Sunday, July 20, 2008

Patrology Online- Wrapup

Many, many thanks to those of you who took time to answer my questions on the state of patrology online. I was very pleased with the wide range of answers (some expected and some not)and the thoughtfulness behind them. There is a lot in them that we all should be reflecting on as we consider what we can contribute to the study of patristics online. That was one reason why I thought it would be helpful to ask the questions I did. Periodic group reflection, I think, can be very helpful.

Of course, I had another ulterior motive. Since the summer began, I've been trying to figure out where I can contribute to the patristics world. I am, as I've noted several times on this blog, an amateur (I hope in its true sense) in patristics and an autodidact while I'm at it. This isn't my day job, so my time for patristic study and writing is strictly limited. Detailed academic study just isn't in the cards for me because I neither have the time or the connections or the qualifications to write scholarly tomes. There is also the legitimate question about whether this is my gift or not. So, I really have to consider carefully where my gifts are and what I can do, given my time constraints and abilities.

With that in mind, here are my thoughts of where we are in the patristic field on line and where my thinking is about my own possible contribution.

First, where we are. A lot of work has been already done on making translations of major and many minor patristic writers available online. The result is that we frequently have multiple versions on these writers online and it is difficult to find an author in the main group of Fathers who does not have, at least, some of his writings online. The quality of the translations vary, but, usually, they're sound, if, often, somewhat dated in their style. This is, of course, one of the results of using older works whose copyright protection has lapsed. Usually, this isn't an issue, given that most people interested in the Fathers tend to be highly literate and able to handle the occasionally complicated prose of these translations. I do worry sometimes because I know the difficulties that my students in Classical Civilization have with translations of the same era and that this can be a barrier to some people from reading these very beneficial texts. This problem is slowly being remedied with various translations projects.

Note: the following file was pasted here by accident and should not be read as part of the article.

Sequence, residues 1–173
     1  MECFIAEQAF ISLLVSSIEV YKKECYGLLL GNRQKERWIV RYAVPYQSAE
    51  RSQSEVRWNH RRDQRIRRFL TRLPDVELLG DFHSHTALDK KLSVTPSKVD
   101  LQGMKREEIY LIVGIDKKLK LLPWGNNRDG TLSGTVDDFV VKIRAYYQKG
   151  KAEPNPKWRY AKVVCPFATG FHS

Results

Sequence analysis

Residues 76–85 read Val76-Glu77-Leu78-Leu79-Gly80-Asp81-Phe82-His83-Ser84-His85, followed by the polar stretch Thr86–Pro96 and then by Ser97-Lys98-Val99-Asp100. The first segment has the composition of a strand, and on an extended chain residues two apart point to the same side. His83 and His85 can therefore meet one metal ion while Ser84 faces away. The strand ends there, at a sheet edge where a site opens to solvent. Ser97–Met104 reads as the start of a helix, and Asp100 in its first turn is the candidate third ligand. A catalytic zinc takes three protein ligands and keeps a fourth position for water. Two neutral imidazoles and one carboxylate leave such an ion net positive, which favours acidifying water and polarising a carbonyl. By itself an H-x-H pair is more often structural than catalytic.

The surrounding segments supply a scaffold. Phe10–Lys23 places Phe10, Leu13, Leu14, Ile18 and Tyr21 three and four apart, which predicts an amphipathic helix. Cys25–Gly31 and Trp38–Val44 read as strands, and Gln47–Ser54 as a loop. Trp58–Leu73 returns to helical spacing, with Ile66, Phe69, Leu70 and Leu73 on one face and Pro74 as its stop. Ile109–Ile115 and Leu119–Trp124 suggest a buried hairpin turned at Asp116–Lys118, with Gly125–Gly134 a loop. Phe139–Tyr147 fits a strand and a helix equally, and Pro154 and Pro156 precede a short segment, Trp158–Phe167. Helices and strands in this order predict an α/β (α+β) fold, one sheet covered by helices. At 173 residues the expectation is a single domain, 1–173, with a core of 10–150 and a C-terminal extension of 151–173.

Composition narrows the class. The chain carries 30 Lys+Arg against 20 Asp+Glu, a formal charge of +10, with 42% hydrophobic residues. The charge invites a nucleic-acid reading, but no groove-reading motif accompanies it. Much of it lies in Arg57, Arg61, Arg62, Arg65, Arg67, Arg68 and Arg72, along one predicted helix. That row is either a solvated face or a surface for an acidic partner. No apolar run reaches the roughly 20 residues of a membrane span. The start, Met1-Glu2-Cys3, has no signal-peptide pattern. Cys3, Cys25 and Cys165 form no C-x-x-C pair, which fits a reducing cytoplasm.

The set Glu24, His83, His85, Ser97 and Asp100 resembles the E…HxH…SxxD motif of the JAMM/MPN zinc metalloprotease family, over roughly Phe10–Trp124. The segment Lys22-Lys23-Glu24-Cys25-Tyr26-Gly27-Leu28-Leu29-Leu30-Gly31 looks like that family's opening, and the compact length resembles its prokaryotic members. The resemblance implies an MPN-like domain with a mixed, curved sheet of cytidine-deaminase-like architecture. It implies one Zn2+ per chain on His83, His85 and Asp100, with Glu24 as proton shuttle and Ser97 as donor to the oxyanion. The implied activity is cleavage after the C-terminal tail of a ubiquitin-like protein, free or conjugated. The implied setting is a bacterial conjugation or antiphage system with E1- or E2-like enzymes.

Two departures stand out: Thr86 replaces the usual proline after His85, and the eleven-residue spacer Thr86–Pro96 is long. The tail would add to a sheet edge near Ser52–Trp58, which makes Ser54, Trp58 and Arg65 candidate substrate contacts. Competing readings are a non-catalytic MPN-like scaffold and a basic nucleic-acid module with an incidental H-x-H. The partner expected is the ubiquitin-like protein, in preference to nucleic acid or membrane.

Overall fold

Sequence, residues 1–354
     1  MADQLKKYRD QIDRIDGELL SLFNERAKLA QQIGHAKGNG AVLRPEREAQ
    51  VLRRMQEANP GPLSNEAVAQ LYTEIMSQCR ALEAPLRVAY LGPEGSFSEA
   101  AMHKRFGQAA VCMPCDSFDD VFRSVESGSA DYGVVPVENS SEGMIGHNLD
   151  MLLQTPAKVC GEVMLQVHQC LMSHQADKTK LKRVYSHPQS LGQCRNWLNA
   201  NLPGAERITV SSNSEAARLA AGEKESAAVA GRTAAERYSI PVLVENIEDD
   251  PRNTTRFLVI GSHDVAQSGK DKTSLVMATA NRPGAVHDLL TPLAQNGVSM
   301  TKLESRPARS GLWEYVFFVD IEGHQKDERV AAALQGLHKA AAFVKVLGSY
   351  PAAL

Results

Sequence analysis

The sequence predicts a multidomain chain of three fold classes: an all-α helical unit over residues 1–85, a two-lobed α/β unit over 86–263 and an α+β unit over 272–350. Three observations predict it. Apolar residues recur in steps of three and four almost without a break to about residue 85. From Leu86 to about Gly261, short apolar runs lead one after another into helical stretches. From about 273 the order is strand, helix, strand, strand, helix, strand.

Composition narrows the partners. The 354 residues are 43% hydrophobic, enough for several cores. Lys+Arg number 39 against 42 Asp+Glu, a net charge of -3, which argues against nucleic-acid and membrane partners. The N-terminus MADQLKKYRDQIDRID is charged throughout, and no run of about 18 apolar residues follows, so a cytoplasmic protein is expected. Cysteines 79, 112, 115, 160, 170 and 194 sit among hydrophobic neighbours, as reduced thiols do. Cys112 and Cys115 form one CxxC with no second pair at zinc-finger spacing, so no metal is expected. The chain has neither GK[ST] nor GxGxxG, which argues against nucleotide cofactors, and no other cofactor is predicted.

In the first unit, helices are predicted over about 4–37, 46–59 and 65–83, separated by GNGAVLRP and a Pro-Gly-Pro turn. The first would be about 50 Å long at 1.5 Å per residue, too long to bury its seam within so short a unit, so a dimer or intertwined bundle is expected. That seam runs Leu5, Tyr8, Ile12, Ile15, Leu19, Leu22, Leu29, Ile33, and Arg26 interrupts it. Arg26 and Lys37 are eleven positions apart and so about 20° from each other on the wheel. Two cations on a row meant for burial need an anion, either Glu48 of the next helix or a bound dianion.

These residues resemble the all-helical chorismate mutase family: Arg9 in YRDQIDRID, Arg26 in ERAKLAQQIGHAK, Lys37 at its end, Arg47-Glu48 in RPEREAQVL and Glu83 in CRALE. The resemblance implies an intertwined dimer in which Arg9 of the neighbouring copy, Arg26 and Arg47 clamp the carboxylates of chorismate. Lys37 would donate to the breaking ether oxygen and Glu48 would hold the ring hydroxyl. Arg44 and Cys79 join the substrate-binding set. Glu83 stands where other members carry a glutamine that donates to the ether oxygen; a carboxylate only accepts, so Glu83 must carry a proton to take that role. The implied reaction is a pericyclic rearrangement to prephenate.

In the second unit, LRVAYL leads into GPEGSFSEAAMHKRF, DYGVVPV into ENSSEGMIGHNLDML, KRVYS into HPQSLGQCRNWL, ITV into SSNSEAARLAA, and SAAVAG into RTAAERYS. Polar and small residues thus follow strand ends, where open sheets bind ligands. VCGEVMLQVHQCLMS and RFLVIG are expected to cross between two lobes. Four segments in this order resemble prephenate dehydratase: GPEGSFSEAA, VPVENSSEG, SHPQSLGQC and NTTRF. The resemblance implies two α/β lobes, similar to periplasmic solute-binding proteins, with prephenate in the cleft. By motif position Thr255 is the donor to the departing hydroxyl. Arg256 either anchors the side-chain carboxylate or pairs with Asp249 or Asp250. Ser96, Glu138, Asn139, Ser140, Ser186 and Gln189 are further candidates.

Texts are similarly in good shape, if not quite as good as translations. Latin texts are excellent, with most major Latin authors online. Greek is lagging slightly behind because it has taken time to regularize the posting of different scripts online. Still, Greeks texts are appearing increasingly and, if we could get away from the PDF problem alluded to by several commentators on last week's post, we'll make more progress. My impression of non-classical languages is that next to nothing is online, but, honestly, I really don't know the state of collections of texts for these languages.

Secondary literature and interpretation is lagging a bit, but is starting to catch up. Access to journals is potentially improving, but, usually, these are locked up in university databases which are increasingly, for copyright purposes, being restricted to members of those academic communities. If you can get an alumni access to a university library, it is probably at this stage worth the money, if you are an amateur. I note that tools for interpreting these texts are lagging behind, although one can use classics linguistic tools in a pinch.

Discussion and interaction online is also improving. The emergence of patristic blogging has helped the exchange of ideas and dissemination of news. This has been very helpful and I hope will improve over time.

So, that leads me to wonder what I can do to contribute to this work?

My opinion about this changes from day to day, but here is what I'm wondering. I'm thinking of the idea of an online patristic community along the lines of eLatin eGreek, eLearn which would eventually include explanations of what patristics is, reference resources to aid in the reading of the Fathers, links to texts and translations, discussion fora and whatever else we can come up with.

This is, of course, an extremely ambitious project and there is no question that I could do this alone. Where I see my talents coming into play is in creating and/or facilitating the creation of dictionaries, linguistic resources and, possibly, commentaries to aid in the understanding of patrisic texts. Clearly, this will not appear all at once, but there are engines for creating online communities and we could start relatively quickly.

So, as before, what do you think? I'm not committing to anything because I know that I need a lot more time to think and about how much time and energy I have and whether this is a good use of it. So, I'll ask for your prayers and your thoughts.

Peace,
Phil

3 comments:

Tim A. Troutman said...

Sounds like a good idea to me. How about starting a patristics wiki? You can call it: PatrikiWiki or PatristiciWiki! It will easily be the funnest wiki name to say out loud.

In all seriousness I think something like that would be beneficial. I seem to recall someone mentioning something along those lines a while back does anyone know if that ever got off the ground? Maybe I dreamed that.

Roger Pearse said...

An online version of Quasten would be a very useful thing indeed, if you feel that way inclined.

Translations are perhaps the thing we can do which is of most value, especially if they are online. Most of the PG has never been translated, so you shouldn't want for stuff to do.

Scholarship dates; but a translation is forever.

Seumas Macdonald said...

I can't believe I didn't already respond to this. It's an excellent idea. And Roger is very right about translation.